March 25, 2015: Leader?
I talked with Terry and I think I was right in my assessment. He’s lost hope that his kids and grandkids are still alive. It’s strange. I’ve never seen him like this. He and I have been close all of my life and I’ve never seen him give up. I watched him fight through all kinds of issues over the years … medical, family … you name it. “Give up” wasn’t in his vocabulary.
“You don’t want to know for absolutely sure?” I was incredulous.
Terry hesitated and took a sudden interest in the grain of the wood in the pallets on which we stood. We were in the observation post bunker. Terry was pulling guard duty.
I felt like I was arguing against myself. After all, I wasn’t necessarily in support of the addition to our intelligence-gathering mission.
“I know I’d never rest until I knew if D.J. was dead or alive,” it felt wrong to say it that way – like I was accusing him of deserting his kids.
“I haven’t,” Terry replied solemnly.
I looked at his face and I could tell it was true. He probably hadn’t had a full night’s sleep since the crash. His eyes were rimmed with black circles. He looked haggard. We’d been so busy … surviving that I really hadn’t taken note until right then.
What kind of leader doesn’t take note of his troops? What kind of leader am I? Am I the leader of this group? Jake certainly had the idea that I was. As far as I was concerned, right up to the point in time where I looked into Terry’s eyes and saw the emotional and physical toll that the crash had subjected him to, I wasn’t the leader of our group. Sure, I took on a leadership role in some things. I was better at some things than others in the group so it made sense. But, am I the leader? Do I deserve to be the leader? Do we really need a single leader? After all, we’re a family. Does a family have to have a leader – in the political or military sense?
I assumed that we all just sort of chipped in where we could. We leaned on those with skills or expertise in certain areas when we needed to do so. Yeah, I know what happens when you assume. We’ve never really discussed this subject as a family, though.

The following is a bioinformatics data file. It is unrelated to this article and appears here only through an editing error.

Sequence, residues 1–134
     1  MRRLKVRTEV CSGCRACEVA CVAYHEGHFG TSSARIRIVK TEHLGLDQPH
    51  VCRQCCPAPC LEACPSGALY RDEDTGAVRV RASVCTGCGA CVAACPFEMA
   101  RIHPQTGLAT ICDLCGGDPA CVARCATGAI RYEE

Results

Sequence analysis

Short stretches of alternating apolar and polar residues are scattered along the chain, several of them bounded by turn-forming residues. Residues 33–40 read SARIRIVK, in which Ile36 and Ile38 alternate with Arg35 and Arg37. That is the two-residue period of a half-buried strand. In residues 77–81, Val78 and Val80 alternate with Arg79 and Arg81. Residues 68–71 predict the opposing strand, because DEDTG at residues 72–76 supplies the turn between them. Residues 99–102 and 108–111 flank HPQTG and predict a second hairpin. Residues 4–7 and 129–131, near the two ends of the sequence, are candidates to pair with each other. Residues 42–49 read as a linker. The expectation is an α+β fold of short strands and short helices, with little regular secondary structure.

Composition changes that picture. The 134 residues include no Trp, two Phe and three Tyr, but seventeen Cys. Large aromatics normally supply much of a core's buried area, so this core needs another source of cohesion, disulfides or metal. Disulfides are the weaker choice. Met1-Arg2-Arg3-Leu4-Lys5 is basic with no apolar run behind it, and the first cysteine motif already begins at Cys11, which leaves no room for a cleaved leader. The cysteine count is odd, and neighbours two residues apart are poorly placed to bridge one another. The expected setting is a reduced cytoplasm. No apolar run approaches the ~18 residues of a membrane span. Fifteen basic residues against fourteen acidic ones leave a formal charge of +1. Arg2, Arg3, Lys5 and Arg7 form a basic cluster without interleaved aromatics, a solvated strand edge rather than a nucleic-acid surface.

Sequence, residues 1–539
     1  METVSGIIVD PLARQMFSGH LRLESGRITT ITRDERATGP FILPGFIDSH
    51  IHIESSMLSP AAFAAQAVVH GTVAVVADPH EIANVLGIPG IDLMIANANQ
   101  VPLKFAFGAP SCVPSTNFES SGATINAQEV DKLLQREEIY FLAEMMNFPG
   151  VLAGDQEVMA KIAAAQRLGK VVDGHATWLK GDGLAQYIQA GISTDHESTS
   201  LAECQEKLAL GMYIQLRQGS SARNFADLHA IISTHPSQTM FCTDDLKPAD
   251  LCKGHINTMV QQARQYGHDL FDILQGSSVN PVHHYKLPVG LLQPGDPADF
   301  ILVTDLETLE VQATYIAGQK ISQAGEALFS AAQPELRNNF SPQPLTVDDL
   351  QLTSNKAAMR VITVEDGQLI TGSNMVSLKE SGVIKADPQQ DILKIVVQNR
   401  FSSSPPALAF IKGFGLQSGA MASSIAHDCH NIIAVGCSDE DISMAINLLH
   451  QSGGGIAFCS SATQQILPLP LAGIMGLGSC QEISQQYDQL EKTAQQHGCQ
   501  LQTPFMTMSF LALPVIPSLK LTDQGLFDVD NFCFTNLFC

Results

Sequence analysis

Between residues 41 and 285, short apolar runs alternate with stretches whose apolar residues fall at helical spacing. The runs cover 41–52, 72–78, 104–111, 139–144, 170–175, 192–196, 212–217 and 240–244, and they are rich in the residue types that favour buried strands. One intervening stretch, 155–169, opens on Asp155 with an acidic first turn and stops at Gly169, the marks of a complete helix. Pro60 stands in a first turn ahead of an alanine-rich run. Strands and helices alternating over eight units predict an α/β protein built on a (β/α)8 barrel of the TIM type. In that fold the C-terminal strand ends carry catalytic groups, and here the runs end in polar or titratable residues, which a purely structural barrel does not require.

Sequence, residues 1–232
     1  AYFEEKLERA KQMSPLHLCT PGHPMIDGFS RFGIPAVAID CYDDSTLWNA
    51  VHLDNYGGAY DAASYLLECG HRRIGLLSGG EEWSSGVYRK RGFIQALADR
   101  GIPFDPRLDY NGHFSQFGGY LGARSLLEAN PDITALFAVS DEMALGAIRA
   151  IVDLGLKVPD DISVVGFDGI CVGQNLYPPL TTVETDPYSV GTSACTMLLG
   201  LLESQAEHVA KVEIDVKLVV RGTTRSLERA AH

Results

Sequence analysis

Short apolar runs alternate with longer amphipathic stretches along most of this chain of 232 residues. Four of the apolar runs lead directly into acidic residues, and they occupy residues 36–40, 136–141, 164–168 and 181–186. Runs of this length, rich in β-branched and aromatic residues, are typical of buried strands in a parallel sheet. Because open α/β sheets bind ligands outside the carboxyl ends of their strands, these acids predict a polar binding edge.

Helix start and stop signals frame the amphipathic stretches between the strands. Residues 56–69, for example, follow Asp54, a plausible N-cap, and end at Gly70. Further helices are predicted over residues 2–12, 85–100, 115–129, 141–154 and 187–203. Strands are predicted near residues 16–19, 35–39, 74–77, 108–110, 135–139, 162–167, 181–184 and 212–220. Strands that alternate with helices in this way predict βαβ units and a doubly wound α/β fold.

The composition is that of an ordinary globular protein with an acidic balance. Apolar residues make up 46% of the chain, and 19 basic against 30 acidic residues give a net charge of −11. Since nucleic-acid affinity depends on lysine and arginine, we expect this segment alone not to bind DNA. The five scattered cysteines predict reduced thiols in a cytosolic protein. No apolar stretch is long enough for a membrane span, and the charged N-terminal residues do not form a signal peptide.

Ultimately, our closer association with our neighbors will probably be the catalyst. Now, it’s no longer “just family”. Now, it’s several families. Do we simply try to coordinate our activities where our common interests lie or do we need to establish a leadership structure? Will there be anarchy without leadership or is our common goal strong enough to draw us together?
It wasn’t strong enough with Jake, that’s for sure.
Is Jake just the ten percent, though? What I mean is … if we create a leadership structure simply because there might be another Jake out there, are we governing for the exception rather than those that make up the bulk of our new society? If we are governing for, or because of, the exception, is that the right thing to do?
How many societies throughout history have survived … or flourished without a traditional leadership system of some sort? Right now, I can’t think of any. Probably too many other more urgent matters on my plate. Maybe Joseph can think of some.
Terry looked up from his study of the pallets’ wood grain.
“You’re right, David, I need to know for sure.”
“I figured as much,” I replied.
“Either we do it as a part of our recon mission or I do it myself …” Terry began.
“You’re not doing it yourself,” I cut him off. “We’re in this together. If you need to go, you’ll go with support. That’s the only way we’ll survive … only if we all stick together.”
Terry nodded and looked off in the distance.
“Thanks, David, you’re doing a great job.”
“A great job?” I asked. “At what?”
“At keeping us alive,” Terry responded. “You were the one that suggested we prepare ourselves. You’ve been the one who’s done most of the dirty work.”
“I guess I have a knack for that,” I admitted.
“Not many do …” Terry’s voice trailed off.
“Look,” I said, “if we’re going after your kids, we need to map it all out. Who knows what we’ll find … on the way there or when we get there.”
“Yeah, the radio reports don’t sound promising,” Terry sighed.
“You have to take those with a grain of salt,” I was trying to sound encouraging but I’m not sure it came off that way.
“Come find me when you finish your shift,” I said. “Let’s get this thing planned so we can saddle up and get it done.”
I left Terry alone with his thoughts and headed back to the cabin. I needed to sift through a few thoughts of my own. I needed to have a plan in my head when we pulled everyone together to map out our little road trip. Everyone would look to me to take the lead … or so it seemed.
That’s pretty much the way it worked out. We gathered in the yard of our big cabin at the picnic table. It was a fine spring day. The sky was cloudless. The temperature was near 70. We should have been enjoying ourselves. Instead, we were planning a trip … no, we were planning a mission … that could very well end with every one of us dead. Our plan is as good as it can be. There is so much that we don’t know that it’s hard to think of every potentiality. Tomorrow, we saddle up and head south. I don’t have time to record all the details of the plan right now. There’s too much to do before we leave in the morning. Maybe I’ll record some of the details when we get back … if we get back.
I’m really starting to hate the new normal.